“Drowned” is a pretty basic hard rocker...not that musicians as virtuoso as the Who could honestly make anything “basic,” especially in one of Pete’s operas. It’s “basic” in that it’s a natural (albeit bloozy) extension of “Sea and Sand.” Although there’s a nice snatch of “5:15” locked in the middle. But the number everyone has been waiting for is “Bell Boy.” We start off with some acoustic strumming, backing with a synth...and then Keith starts singing! It’s awesome, with a great sing-along chorus. In fact, his goofy singing coupled with Roger’s roar and Pete’s desperation is a great balance. And the drums are good too, of course; Keith really swings on that one.

“Doctor Jimmy” is a hard opera rock classic, with the band handing the melody off to a pocket orchestra for the chorus. That climby part, “What is it? I’ll take it!” Probably the best use of orchestra on the whole album. And the desperate “Is it me for a moment” bit? Rog really sells it, it’s beautiful. But screw individual sections, the whole damn thing works.

“The Rock” is, quite possibly, the only throwaway track on the album. And not because it’s bad, just because it’s sort of a retread of “Quadrophenia,” just this time, with more dicking around on the synths. Of course, “Quadrophenia” rocked anyway, so why am I complaining. “Love, Reign O’er Me” starts slowly, but then we’re finally hit with that damned theme we’ve heard over and over again through the opera. And you know what? It does not disappoint. The only downside is that Pete probably (and unwittingly, I hope) created the power ballad. Oh well, power ballads suck. This does not. It’s intelligent in melody and lyrics, and the emotion is real, and we’re (literally) hit with a desperate conclusion. The end. Wow.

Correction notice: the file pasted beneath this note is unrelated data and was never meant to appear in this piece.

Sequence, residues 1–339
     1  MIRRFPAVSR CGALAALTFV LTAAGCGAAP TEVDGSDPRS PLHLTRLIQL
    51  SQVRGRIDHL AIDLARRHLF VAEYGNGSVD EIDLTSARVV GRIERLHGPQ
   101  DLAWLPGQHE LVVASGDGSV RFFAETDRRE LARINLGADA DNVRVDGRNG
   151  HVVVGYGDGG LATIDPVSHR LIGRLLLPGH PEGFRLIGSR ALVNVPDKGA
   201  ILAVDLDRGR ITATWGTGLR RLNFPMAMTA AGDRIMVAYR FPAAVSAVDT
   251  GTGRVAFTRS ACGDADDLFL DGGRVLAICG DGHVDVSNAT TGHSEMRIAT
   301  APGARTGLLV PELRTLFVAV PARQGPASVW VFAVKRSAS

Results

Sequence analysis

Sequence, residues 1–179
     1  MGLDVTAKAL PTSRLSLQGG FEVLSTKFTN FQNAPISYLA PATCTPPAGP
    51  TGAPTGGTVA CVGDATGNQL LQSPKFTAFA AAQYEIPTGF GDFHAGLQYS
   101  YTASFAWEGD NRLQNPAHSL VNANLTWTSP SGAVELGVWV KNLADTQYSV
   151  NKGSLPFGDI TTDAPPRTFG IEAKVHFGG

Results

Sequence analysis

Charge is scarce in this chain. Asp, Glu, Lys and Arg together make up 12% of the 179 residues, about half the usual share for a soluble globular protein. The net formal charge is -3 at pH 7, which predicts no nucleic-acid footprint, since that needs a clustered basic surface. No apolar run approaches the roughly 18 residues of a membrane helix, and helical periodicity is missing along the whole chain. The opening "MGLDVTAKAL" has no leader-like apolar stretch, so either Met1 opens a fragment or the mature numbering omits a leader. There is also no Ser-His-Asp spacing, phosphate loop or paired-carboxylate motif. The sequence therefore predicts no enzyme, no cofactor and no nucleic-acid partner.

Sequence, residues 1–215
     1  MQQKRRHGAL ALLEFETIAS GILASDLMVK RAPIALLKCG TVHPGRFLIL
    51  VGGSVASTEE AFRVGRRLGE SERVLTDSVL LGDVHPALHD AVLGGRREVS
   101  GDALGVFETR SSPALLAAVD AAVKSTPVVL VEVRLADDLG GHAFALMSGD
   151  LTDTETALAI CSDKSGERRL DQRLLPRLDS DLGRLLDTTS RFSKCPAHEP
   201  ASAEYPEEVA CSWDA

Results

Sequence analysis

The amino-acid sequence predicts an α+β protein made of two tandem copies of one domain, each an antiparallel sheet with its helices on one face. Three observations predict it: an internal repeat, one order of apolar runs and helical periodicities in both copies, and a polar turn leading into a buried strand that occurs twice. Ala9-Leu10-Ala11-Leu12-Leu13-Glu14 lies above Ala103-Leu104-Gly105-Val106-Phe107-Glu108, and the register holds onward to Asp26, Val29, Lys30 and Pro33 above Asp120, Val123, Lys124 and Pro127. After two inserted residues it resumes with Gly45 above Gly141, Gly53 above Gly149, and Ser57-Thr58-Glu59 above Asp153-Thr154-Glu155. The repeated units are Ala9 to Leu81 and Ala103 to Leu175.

Now, of course, the question is, did little Jimmy off himself? Well, I think—wait, no! That’s not the real question. The real question is, what’s the best song on this thing? Well, the whole thing. Yep. I mean, I could quibble, and come up with a few good suggestions (“Dr. Jimmy,” “The Real Me,” “Quadrophenia,” “Love Reign O’er Me”), but in the long run, you just can’t. It’s all too close. The flow is immaculate. All those little transitions? Beautiful. Two discs? Ha! I’ve heard stuff less than half as long as thing that’s a thousand times as tedious.

And do I even have to describe the players? Entwhistle is the greatest bassplayer on earth; his lyrical lines are matched only by Jeffrey Hammond-Hammond’s very best work. Keith Moon comes off as the most varietous drummer on the planet; the styles he cycles through here with just a drum kit, no fancy percussion, is amazing. He’s able to keep in time with the band AND the orchestra flawlessly. Roger Daltry takes the term “operatic” to the limits, playing it both for soft and heavy emotion. And Pete? Well, he was never the best guitarist in the world, but on this album he actually sounds pretty good. He also does keyboards, which somehow don’t sound as dated as you’d think. Besides, he’s the founder of the feast! We have him, and him alone, to thank for all this music and lyrics, which is an achievement unto itself.

Yep. The great Quad. I can think of few other albums that are this bombastic, this resonant, this melodic, this...good! Argh! I don’t even know what to say anymore. It rocks. It rolls. It tugs at the heartstrings. Keith Moon sings! A flawless example of progressive music. Essential.

The Whistler | 5/5 |